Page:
Pesto!

Crazy delicious, perfect for sharing—but only if they're worthy
Garlic, basil and pine nuts

You will eventually hear from learned (and pedantic) cooks that pesto is more of a technique: pick a plant, a nut, add some flavourings and olive oil, then mash it up into a paste; the word pesto derives from the verb pestare in Italian,¬† which means to pound or crush. Perhaps that cook is me: I’ve made garlic-scape pesto before. And I am a know-it-all.

But when I hear “pesto” I think what you probably think and that’s the traditional pesto of basil, pine nuts, garlic, parmesan and olive oil. It’s a classic that needs no modification.I started gardening for the sole purpose of growing herbs, particularly basil. It is quite expensive to buy at a grocery store. Farmer’s markets in the summer make it more affordable. But gardening is, by far, the most economical. If your climate is hot enough in the summer, I recommend starting a little plot to grow your own. Anything you grow will taste sublime, amped to 11. You will be giddy at how good it tastes, which is particularly vexing if your default is ironic detachment. Even if your brain is saying, It’s just basil (or thyme, or a pepper, or a tomato), calm down, you will still have a dopey grin on your face.

The beauty of growing basil is that you can go get some any time you feel like. And it’s so much more potent because it was just picked that you don’t need much. Three plants is a bounty. You can use it for marinades and in pasta dishes all summer, and still have enough to make a good batch of pesto.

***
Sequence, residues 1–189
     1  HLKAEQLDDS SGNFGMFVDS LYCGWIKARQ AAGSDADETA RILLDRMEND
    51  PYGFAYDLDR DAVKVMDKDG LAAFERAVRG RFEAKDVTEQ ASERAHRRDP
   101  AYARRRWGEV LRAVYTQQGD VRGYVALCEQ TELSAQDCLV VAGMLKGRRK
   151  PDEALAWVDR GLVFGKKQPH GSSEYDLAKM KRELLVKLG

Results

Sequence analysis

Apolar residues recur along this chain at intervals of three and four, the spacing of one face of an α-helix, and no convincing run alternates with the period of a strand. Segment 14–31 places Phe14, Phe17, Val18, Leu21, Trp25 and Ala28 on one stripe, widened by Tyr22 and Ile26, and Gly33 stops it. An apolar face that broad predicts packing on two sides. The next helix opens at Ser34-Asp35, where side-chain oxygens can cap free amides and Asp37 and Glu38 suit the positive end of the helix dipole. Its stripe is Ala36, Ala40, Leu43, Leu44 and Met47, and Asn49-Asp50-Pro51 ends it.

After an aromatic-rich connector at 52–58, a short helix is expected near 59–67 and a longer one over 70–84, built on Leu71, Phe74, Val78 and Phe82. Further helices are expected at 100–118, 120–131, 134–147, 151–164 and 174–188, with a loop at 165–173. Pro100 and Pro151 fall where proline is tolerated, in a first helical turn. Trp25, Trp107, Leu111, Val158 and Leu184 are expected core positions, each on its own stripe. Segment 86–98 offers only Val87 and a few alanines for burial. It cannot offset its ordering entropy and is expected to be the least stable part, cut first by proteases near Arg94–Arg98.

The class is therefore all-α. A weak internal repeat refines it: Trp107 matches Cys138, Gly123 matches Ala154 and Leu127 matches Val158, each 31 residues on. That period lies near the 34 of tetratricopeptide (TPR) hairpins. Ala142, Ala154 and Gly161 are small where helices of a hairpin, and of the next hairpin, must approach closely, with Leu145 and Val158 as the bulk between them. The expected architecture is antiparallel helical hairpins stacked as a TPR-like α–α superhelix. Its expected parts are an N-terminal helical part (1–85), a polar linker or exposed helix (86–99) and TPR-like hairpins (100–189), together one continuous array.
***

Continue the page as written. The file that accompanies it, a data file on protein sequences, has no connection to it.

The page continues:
Now, to the pesto. Ingredients matter. Pine nuts may not be common and they can be pricey too. Go to bulk stores for that. Everything else is pretty standard, I think and you should have it at hand: garlic, parmigiano reggiano and extra virgin olive oil.

Depending on how authentic you feel you should be, you can make completely by hand, if you like.

Pesto ingredients in a food processor

I don’t. I use a food processor. I make it in batches using the small bowl attachment (to hold what most recipes seem to consider “a large bunch” of basil).

This is an insanely good treat. I recommend storing it small jars: you’re going to want to share it, but not too much and only with those whom you truly adore and will be grateful for it. ¬†Furthermore, I find it tends to go an ugly dark green once opened; using 1/2 cup all at once is easier than a whole cup.

This freezes just fine. I put the jars in the fridge for a little while to cool down before putting them in the freezer, just in case.

This goes great on pasta, of course. It’s a true pleasure on roast potatoes as well. Or try a dollop on risotto.

Dollop of pesto on risotto.

Makes 1 cup

  • 1 large bunch of basil, leaves picked and washed
  • 3 cloves garlic
  • 1/3 cup pine nuts
  • 1/4 cup approx. parmesan cheese, freshly grated
  • pinch salt and pepper
  • extra virgin olive oil, about 1/2 cup

In the small bowl attachment of your food processor, put the basil, garlic, pine nuts, salt & pepper, parmesan and a glug of oil.

Turn on the food processor. Start drizzling oil until the whole works start to get blitzed up. You may need to stop the food processor to scrape the sides once.

If preserving, place the pesto in your jars. Top with some olive oil so the exposed surface of the pesto is covered (this prevents yucky dark pesto from oxidation).

Jars of pesto

Jason Kemp is a geek trapped in a cool guy's body. He hand crafts software for the web and mobile devices. He excels at user interface design, the deadlift and barbecue. He is @ageektrapped across the internet.

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